The first machine is a Toshiba VM144T? (I can't remember the model number correctly right now), it has a gear assembly problem. The second beta I have is a Sanyo 3220?, I'm not at my home right now so I can't really tell you the model numbers. The Sanyo is just the usual low end Betamax, nothing fancy features on it. The third betamax I have is the Sony GCS-50, it's an industrial SuperBeta HiFi, it's quite advance, but it doesn't have a tuner or a remote control. I just got this one two days ago [thanks Eduard of FILMCO :) ], so I haven't use it much.
When I watch a show or a movie recorded on BII on my Betamax, I am amazed at the quality of the picture and the sound. Things that are recorded on Beta's BII is better than things that are recorded on VHS' SP. Also, technically speaking, the BII records longer than SP, if we compare it on the each format's standard tapes, L-750 for the Beta, and the 6-hour tape (T-120?) for the VHS. The sound on either hifi or non-hifi betamax's are better than hifi or non-hifi vhs, they're sharper and clearer. I don't know if I have some good tapes or not, but it seems to me that the Betamax tapes last longer than the VHS tapes. I also notice that the color fades on an old VHS tape, while the color looks almost the same as the day it was recorded on a Betamax tape.
As much technically superior the betamax is to the vhs, it is not the technical aspects that makes me like the betamax more than the vhs. It happens to the be the symbolic and retrospective aspect of the betamax. Watching those old betamax tapes of 80's cartoons such as Voltron, Transformers, M.A.S.K, and others gives me back memories of the wonderful 80's (I know people who read this going to hate me for saying that, but I really don't care). I fell like it's 1984 all over again when I watch the A-Team, V, Mike Hammer, and Matt Houston on my betamax. I get more chuckles out of Diff'rent Strokes, The Jeffersons, Cheers, Soap, Benson, & In Living Color than I do from watching Friends, Ellen, The Nanny, and Martin, though I will admit I like Seinfeld, The Simpsons, and South Park. I get a kick watching movies like The Terminator, Blade Runner, Raiders Of The Lost Ark, then these Nicholas Cage 90's action movies.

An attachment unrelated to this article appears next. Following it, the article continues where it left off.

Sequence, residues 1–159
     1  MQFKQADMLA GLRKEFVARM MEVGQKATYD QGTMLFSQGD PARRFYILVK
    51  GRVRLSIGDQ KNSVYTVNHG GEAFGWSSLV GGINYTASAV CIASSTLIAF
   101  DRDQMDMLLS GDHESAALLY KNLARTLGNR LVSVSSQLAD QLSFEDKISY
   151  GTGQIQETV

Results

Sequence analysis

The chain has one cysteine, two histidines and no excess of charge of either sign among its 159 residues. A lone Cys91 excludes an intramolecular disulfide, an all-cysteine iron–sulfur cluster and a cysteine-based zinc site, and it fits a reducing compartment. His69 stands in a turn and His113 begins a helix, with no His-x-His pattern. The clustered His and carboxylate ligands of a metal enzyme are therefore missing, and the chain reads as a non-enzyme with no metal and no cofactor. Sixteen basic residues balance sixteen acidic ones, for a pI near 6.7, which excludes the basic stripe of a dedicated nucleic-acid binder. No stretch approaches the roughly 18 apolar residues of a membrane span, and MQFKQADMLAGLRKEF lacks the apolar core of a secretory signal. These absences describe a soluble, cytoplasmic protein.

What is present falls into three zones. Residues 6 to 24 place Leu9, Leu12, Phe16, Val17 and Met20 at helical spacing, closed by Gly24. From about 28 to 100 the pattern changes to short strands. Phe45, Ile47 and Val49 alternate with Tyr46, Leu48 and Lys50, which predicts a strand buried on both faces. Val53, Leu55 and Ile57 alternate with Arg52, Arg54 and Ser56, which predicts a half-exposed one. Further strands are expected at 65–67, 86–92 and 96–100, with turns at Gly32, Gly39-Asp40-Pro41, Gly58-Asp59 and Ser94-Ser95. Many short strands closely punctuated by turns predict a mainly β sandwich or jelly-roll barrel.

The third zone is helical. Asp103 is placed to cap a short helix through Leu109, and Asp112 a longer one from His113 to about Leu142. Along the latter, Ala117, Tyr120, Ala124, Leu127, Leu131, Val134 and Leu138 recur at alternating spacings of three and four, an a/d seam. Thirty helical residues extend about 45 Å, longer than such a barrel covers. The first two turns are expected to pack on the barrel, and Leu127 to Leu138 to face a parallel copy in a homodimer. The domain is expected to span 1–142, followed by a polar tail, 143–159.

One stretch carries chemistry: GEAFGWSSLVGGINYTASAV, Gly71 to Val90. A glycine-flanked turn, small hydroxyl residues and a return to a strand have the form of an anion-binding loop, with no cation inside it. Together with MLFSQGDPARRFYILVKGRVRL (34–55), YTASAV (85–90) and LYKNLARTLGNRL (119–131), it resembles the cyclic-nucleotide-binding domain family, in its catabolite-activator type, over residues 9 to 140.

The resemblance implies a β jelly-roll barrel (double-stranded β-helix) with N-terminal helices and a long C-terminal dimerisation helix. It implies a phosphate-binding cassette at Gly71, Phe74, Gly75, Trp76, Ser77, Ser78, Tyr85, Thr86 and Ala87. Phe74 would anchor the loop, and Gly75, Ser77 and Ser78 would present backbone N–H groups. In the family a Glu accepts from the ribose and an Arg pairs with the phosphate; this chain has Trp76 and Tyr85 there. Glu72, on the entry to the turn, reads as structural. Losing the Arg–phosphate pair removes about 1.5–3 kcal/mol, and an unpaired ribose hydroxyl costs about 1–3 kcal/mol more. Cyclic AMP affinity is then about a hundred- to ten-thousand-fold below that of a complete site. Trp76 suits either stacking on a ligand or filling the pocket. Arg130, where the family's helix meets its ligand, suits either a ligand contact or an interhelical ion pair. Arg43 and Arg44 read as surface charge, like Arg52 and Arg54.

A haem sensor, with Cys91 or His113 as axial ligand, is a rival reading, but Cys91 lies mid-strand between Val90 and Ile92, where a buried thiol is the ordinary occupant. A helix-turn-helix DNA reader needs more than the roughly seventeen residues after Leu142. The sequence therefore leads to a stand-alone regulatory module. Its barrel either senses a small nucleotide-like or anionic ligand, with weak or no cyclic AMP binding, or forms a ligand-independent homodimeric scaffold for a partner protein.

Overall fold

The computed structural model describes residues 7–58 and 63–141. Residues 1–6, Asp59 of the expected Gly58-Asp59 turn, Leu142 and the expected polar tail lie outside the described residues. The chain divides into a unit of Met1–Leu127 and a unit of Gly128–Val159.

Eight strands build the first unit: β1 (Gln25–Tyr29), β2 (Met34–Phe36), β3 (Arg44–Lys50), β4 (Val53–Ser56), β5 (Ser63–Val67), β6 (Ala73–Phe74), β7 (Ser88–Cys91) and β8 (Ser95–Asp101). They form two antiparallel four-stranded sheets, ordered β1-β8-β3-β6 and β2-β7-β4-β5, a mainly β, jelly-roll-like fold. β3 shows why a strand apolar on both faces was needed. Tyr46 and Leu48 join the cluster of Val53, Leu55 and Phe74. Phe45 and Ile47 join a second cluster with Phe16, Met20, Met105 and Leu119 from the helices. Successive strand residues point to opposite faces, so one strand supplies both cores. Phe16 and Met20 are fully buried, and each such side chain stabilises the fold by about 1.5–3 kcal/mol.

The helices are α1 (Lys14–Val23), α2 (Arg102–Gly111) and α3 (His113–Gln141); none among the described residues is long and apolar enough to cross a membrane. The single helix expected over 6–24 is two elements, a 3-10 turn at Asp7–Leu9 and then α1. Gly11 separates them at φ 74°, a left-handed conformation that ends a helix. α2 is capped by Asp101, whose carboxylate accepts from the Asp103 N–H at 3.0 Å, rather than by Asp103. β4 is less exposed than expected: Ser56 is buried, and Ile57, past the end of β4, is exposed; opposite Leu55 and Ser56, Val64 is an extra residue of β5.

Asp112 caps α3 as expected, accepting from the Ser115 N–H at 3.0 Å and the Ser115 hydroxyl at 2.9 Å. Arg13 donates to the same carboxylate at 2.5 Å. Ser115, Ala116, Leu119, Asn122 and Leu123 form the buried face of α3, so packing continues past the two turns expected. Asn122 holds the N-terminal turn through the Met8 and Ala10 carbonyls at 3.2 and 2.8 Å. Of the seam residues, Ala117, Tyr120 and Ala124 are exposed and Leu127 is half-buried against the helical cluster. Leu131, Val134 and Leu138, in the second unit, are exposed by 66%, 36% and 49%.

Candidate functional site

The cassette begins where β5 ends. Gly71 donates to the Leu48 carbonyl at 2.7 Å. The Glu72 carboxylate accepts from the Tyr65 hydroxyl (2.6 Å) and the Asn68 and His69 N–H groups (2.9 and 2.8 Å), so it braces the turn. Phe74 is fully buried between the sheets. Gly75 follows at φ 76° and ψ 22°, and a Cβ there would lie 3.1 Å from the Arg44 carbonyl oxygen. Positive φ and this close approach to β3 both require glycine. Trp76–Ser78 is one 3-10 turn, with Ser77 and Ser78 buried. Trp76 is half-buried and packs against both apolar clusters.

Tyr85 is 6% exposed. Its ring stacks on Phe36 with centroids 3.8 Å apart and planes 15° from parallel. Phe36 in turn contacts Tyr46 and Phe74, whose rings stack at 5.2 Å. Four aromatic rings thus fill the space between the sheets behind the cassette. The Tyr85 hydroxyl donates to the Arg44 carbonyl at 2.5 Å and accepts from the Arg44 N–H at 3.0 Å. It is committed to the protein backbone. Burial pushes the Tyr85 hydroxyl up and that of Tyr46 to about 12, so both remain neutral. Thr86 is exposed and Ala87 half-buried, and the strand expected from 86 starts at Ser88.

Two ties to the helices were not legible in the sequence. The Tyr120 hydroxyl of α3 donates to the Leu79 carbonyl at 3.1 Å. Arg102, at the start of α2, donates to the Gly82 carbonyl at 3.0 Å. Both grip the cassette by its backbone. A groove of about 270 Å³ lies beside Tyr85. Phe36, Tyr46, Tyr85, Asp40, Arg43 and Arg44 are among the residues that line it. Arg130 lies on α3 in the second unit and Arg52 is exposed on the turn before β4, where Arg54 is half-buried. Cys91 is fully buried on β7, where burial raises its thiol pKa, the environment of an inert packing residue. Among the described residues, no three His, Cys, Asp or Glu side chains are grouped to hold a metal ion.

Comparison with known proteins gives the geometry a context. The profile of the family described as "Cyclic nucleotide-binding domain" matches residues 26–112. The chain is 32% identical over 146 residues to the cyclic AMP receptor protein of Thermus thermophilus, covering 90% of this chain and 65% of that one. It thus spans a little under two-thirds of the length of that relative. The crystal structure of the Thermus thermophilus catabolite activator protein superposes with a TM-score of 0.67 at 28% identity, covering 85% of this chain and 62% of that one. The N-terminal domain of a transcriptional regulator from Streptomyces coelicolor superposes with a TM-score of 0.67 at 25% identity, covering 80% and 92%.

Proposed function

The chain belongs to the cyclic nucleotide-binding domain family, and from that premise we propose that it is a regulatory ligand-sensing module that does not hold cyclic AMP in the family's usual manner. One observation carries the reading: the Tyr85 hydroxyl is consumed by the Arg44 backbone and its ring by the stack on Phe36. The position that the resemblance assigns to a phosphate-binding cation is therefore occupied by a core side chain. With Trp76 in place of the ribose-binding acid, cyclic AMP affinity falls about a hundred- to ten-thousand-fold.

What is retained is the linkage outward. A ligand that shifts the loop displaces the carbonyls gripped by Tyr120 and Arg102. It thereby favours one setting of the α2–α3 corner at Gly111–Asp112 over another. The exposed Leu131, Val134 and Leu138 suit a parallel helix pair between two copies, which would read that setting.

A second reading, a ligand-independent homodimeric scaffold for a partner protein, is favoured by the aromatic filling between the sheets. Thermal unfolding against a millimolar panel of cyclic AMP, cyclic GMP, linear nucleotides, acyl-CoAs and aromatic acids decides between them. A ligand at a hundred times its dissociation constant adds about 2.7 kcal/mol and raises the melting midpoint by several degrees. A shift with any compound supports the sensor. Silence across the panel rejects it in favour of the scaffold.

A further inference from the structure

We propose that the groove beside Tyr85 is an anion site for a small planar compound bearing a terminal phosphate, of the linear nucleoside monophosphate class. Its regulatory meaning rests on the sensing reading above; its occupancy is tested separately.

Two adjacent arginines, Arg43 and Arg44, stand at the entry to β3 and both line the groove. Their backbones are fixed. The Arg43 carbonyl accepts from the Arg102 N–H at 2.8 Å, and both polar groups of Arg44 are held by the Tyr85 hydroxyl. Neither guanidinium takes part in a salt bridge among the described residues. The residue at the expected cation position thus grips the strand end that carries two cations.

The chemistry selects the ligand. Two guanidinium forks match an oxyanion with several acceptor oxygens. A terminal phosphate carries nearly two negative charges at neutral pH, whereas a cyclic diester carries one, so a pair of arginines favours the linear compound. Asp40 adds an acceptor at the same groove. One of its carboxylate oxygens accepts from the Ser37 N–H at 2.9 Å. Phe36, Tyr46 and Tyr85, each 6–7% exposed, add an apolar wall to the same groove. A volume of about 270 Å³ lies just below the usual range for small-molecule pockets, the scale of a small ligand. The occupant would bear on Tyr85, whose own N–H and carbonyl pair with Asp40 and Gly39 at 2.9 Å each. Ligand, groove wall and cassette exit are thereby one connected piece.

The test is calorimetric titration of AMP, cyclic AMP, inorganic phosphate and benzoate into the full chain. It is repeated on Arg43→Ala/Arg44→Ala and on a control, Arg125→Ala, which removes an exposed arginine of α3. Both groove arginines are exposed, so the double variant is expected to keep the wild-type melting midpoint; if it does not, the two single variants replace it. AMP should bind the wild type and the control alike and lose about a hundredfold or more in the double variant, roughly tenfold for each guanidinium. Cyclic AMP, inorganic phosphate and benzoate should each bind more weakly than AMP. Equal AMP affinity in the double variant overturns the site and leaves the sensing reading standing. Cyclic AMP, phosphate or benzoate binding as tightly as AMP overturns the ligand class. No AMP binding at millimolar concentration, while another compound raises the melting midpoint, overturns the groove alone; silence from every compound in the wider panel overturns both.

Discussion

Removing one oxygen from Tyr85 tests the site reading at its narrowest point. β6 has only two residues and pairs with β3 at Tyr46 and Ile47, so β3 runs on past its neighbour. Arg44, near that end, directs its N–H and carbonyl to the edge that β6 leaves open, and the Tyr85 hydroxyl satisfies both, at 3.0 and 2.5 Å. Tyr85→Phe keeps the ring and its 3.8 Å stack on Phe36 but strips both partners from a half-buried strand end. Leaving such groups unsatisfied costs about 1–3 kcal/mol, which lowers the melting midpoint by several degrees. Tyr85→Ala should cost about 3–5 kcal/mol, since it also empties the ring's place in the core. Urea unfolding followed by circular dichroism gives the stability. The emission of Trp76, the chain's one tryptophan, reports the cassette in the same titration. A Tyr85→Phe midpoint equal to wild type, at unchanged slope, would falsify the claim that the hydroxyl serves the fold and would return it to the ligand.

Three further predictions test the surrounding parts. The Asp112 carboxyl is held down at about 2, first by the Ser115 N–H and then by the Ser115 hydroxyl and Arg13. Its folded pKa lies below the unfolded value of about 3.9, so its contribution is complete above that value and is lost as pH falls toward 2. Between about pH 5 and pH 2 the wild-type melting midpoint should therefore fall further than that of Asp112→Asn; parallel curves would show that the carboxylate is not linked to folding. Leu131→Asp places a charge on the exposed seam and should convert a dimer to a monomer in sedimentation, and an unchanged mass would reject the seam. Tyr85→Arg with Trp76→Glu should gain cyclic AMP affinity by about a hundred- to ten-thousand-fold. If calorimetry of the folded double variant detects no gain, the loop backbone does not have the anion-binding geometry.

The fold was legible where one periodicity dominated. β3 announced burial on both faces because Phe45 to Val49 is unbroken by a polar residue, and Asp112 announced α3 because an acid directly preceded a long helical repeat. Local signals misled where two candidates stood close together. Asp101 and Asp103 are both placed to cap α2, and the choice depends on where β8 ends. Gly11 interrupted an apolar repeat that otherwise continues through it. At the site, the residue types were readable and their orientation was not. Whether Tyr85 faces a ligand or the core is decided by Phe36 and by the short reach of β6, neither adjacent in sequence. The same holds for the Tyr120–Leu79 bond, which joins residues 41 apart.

I especially enjoy 80's teen movies such as The Breakfast Club, Sixteen Candles, Fast Times on Ridgemont High, St. Elmos Fire and other 80's teen movies such as Porky (all three of them), Joystick, Spring Vacation, Blame It On The Rio, etc. It is more enjoyable to watch it on beta because the betamax gives it a more "80ish" feeling to the movie, since most machines were made at that time. The were more fun to watch then these 90's teen movies that are too much based on "my life sucks, society sucks, my girlfriend thinks I'm suck", etc. And those horror teen movies such as "I Know What You Did Last Summer," and both "Scream" movies. I enjoy watching the 2nd Annual MTV music awards and the 1984 American Music Awards on my betamax, it gives memories of when music was good and MTV actually played music videos! Finally, I enjoy looking at the 80's commercials on betamax, the commercials gives you a good idea of how good the sound is on a betamax. Personally, I think that the clothes and other fashion products on those 80's commercials were better than today's, however I think the hairstyle was god awful back in the 80's.
I'm sorry that I wrote a very long story, I almost got carried away. What I'm trying to say is that the reason why I like my Betamax goes beyound the technical aspects. Most people perfer the beta because of it's technology, but I perfer it because of it's nostalgia and symbolism. The betamax represents a time when there was more than one choice for vcrs, computers, videogames, etc. It represent a decade it which people were more optimistic than now, although people have started to become more optimistic last year. The betamax represents a time of more experimentation and risk-taking. Today, the betamax represents individualism. That is why I perfer the betamax over vhs.
Submitted Wed Dec 30 14:38:00 1998